I've wanted to see the 2002 Sam Rockwell vehicle Confessions of a Dangerous Mind since about the time it came out, but never got around to it until now. If I were going to do a tweet-review of this, it would be "Way darker than I expected; don't watch it if you're in a misanthropic mood."
Monday, March 3, 2014
Monday, February 24, 2014
You think YOU've got it bad? Try being Woyzeck for a day. He's a grunt in an indeterminate mid-1800s European army—I assume German, but he could be German-French in the same sense that most movie Romans are British-Roman. He's being cuckolded by his young wife (who looks like Jewel Staite with a crushed spirit) and the high-school-quarterback-like drum major. He's also a human guinea pig for an ambitious scientist who's been feeding him nothing but peas, and who rewards him with much-needed cash every time he behaves crazily.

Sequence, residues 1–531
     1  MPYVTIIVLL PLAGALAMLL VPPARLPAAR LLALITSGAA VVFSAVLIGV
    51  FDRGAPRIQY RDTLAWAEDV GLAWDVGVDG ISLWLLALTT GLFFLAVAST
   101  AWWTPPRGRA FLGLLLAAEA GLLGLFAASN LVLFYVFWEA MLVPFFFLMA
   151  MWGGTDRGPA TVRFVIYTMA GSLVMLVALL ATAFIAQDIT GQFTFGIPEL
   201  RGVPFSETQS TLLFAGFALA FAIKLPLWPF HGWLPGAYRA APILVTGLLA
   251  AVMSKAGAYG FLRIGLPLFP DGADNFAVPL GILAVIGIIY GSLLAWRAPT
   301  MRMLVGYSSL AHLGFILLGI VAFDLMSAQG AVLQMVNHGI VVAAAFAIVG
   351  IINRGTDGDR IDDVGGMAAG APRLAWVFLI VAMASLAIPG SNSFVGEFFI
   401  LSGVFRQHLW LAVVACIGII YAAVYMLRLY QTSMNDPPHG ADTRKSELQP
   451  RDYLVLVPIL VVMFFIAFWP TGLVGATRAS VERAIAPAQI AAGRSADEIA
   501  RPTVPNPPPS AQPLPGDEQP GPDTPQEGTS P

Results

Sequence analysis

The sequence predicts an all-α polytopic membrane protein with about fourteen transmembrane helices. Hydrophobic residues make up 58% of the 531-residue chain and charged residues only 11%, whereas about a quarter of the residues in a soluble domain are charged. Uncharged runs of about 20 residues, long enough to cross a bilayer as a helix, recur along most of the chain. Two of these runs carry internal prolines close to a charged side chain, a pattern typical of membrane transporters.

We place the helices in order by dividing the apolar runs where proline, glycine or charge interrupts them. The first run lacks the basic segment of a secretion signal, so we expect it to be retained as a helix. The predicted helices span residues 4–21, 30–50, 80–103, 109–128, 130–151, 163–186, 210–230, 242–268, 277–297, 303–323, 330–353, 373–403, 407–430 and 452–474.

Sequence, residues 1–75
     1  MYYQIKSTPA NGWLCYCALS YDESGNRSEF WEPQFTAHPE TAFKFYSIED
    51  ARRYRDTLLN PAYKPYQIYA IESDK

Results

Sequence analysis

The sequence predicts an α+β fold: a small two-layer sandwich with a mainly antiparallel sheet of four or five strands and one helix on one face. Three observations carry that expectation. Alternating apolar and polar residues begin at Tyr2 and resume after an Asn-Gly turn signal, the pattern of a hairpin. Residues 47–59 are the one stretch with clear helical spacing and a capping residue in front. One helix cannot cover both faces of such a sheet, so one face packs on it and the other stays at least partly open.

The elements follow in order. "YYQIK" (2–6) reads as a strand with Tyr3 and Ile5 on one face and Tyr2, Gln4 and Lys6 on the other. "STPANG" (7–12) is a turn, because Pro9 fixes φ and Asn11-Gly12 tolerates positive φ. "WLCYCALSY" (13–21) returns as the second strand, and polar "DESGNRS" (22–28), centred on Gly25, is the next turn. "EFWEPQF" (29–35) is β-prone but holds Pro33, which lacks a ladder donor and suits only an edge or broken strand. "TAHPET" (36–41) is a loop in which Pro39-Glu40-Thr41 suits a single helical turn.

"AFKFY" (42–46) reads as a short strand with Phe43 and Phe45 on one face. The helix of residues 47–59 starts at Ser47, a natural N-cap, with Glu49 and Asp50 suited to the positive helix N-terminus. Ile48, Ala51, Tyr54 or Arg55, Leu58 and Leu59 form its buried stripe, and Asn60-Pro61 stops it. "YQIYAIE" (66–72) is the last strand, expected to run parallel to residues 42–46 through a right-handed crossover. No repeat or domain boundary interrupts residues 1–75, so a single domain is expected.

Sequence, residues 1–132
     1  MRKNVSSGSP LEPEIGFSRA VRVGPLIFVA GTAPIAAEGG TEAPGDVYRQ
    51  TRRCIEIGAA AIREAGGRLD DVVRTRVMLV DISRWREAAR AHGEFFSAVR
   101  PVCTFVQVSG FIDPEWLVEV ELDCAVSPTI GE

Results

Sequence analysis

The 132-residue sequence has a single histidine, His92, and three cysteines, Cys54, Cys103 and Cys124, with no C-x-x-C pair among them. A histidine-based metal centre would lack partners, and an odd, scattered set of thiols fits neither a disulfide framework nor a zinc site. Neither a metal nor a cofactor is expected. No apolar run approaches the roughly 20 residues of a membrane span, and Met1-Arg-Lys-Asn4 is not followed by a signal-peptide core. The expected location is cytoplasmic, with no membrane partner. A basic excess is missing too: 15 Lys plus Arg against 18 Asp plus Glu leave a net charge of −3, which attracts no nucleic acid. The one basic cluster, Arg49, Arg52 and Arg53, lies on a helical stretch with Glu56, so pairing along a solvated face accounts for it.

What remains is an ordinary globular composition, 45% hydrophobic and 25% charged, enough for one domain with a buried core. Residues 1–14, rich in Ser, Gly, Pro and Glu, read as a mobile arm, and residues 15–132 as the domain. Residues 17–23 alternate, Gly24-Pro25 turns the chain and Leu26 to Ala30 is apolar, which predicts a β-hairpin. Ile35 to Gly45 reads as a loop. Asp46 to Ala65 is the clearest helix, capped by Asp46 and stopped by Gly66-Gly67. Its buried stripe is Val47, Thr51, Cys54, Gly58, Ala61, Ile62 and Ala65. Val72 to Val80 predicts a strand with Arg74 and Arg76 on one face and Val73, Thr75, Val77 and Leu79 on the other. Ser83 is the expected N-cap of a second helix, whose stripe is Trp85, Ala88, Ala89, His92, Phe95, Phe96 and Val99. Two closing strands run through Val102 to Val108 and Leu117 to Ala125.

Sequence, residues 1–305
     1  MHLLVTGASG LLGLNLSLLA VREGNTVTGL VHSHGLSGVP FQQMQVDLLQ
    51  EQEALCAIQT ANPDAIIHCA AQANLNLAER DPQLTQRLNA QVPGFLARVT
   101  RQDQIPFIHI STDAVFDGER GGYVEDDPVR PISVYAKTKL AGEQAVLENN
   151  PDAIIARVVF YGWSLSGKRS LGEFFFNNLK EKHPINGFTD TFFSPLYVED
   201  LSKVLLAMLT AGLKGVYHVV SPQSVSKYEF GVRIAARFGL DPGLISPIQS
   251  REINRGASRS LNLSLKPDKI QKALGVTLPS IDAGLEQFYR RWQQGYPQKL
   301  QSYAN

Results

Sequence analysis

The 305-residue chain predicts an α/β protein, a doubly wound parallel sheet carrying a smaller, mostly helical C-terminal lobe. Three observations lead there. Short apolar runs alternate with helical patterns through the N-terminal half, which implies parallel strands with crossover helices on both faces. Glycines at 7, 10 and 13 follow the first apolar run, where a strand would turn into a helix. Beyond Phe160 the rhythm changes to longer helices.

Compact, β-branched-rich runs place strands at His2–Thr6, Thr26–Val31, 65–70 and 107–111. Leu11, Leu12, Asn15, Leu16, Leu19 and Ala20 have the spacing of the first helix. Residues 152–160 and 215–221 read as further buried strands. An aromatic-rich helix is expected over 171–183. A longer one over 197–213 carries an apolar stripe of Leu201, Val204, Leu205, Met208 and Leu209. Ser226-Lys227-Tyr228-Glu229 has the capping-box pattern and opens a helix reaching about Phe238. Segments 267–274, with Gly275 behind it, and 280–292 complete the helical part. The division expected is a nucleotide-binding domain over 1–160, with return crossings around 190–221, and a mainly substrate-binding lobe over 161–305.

Naturally, therefore, Woyzeck's descending into insanity, and just as naturally, there's no going back…since this is a Werner Herzog film.
Monday, February 17, 2014
Imagine Time Chasers if its plot entailed not time travel but alligator smuggling, if its cast had far less investment in what they were doing, if the chase scenes were even more cheap and stupid, and if it induced Z-grade celebrity actors to somehow embarrass themselves—in this case, Michael Berryman (Captain Rixx from the TNG episode "Conspiracy"), Antonio Fargas (TV's Huggy Bear), and Joe Estevez, who of course is reason I watched this.
Sunday, February 9, 2014
The success of The Lego Movie—following as it does the Toy Story franchise and the similar Wreck-It Ralph—introduces the distressing possibility that all the best kid's movies from now on will revolve only around toys. Whether that grim harbinger of things to come proves accurate or not, at the very least we'll have a curious little "golden age" of quirky kid fare.